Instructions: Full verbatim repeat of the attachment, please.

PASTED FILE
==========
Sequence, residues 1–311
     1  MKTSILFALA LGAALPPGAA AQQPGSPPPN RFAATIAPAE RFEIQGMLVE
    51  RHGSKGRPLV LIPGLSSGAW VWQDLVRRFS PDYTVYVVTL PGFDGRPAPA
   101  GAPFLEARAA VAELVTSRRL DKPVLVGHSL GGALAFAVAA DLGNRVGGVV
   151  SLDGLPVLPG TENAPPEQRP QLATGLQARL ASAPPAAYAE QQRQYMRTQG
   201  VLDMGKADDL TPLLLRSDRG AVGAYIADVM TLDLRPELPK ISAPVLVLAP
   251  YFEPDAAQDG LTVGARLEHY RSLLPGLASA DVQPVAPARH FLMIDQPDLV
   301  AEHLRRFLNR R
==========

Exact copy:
Sequence, residues 1–311
     1  MKTSILFALA LGAALPPGAA AQQPGSPPPN RFAATIAPAE RFEIQGMLVE
    51  RHGSKGRPLV LIPGLSSGAW VWQDLVRRFS PDYTVYVVTL PGFDGRPAPA
   101  GAPFLEARAA VAELVTSRRL DKPVLVGHSL GGALAFAVAA DLGNRVGGVV
   151  SLDGLPVLPG TENAPPEQRP QLATGLQARL ASAPPAAYAE QQRQYMRTQG
   201  VLDMGKADDL TPLLLRSDRG AVGAYIADVM TLDLRPELPK ISAPVLVLAP
   251  YFEPDAAQDG LTVGARLEHY RSLLPGLASA DVQPVAPARH FLMIDQPDLV
   301  AEHLRRFLNR R